Complexity, Collective Effects and Modelling of Ecosystems: formation, function and stability.

Complexity, Collective Effects and Modelling of Ecosystems: formation, function and stability.

Henrik Jeldtoft Jensen111Institute for Mathematical Sciences, Imperial College London, 53 Prince’s Gate, South Kensington campus, SW7 2PG, UK. 222Department of Mathematics, Imperial College London, South Kensington campus, London SW7 2AZ, UK. 333Author for correspondence (h.jensen@imperial.ac.uk; www.ma.ic.ac.uk/hjjens) and Elsa Arcaute111Institute for Mathematical Sciences, Imperial College London, 53 Prince’s Gate, South Kensington campus, SW7 2PG, UK. 444Department of Physics, Imperial College London, South Kensington campus, SW7 2BW, UK.
Abstract

We discuss the relevance of studying ecology within the framework of Complexity Science from a statistical mechanics approach. Ecology is concerned with understanding how systems level properties emerge out of the multitude of interactions amongst large numbers of components, leading to ecosystems that possess the prototypical characteristics of complex systems. We argue that statistical mechanics is at present the best methodology available to obtain a quantitative description of complex systems, and that ecology is in urgent need of “integrative” approaches that are quantitative and non-stationary. We describe examples where combining statistical mechanics and ecology has led to improved ecological modelling and, at the same time, broadened the scope of statistical mechanics.

Keywords: Complexity, Statistical Mechanics, Emergence, Evolution, Ecology.

1 Introduction

Does the concept of “Complexity” bear any specific meaning or is it just synonymous with complicated and yet not comprehended phenomena? We will argue that it is possible and useful to use the term “Complexity Science” in a specific and reasonably well defined way. It is useful because a number of common trends and implications become clear when a phenomenon is classified as part of “Complexity Science”. The science of complexity emphasises the interactions between components. It stresses that components, most often, are heterogeneous and evolve in time. Complexity is concerned with the emergent properties at systems level originating from the underlying multitude of microscopic interactions.

In an attempt to make our discussion more clear we will immediately describe the way we use some terms central to our exposition. We hurry to stress that these descriptions are not meant to be exhaustive final philosophical definitions, but rather intended to lower the risk of misunderstanding when we deal with terms frequently used to mean different things by different people. And now our specifications.

  • Complex Systems consist of a large number of interacting components. The interactions give rise to emergent hierarchical structures. The components of the system and properties at systems level typically change with time. A complex system is inherently open and its boundaries often a matter of convention.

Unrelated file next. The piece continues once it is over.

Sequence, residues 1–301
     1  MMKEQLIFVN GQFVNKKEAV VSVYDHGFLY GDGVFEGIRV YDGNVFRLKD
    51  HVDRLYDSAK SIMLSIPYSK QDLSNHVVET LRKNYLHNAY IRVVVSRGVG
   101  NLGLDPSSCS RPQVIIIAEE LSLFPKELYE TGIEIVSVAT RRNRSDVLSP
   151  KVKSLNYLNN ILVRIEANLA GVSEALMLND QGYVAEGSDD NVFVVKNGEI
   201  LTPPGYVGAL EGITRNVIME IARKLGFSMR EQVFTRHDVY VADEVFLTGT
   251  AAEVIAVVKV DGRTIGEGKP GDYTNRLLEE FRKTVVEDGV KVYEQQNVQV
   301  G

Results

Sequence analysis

• Statistical Mechanics seeks to understand how properties at systems level emerge from the level of the system-components and their interactions. This often involves the application of probability theory, and a number of mathematical techniques. Throughout, we draw a distinction between statistical mechanics and statistical physics. The latter is mainly concerned with the microscopic foundation of thermodynamics and, e.g., phenomena such as phase transitions and superconductivity. We consider here statistical mechanics as a mathematical methodology, which can be applied to many different sciences including economics, population biology and sociology, to name a few.

Statistical mechanics is a powerful transdisciplinary methodology for the study of emergent phenomena at a macroscopic level caused by the many interactions taking place at a microscopic level. It provides a framework within which it is possible to encapsulate the myriad of degrees of freedom of a system at a microscopic level, into just a few degrees of freedom at a macroscopic level. In its current form statistical mechanics does not hold all the answers for all the complex systems, however, we argue that it is at present the best methodology available to obtain a quantitative description of complex systems. By systematically applying it to fields outside its traditional range of application in physics, statistical mechanics can be developed further, in addition to simultaneously contributing to the understanding of those fields, such as ecology. The importance of this feedback loop cannot be overestimated. It can also provide a starting point for the possible development of new mathematical techniques.

Along these lines, the research programme in search for the “laws” of ecosystems described by Jørgensen and collaborators [1], looks into finding a rigorous set of laws that govern the dynamics at the macro-level. This is a first attempt into establishing a methodology for ecological complexity. At the moment the analysis is mainly qualitative, and we suggest that the second step towards that goal would be the implementation of techniques from statistical mechanics, in order to obtain a rigorous mathematical formalism and modelling.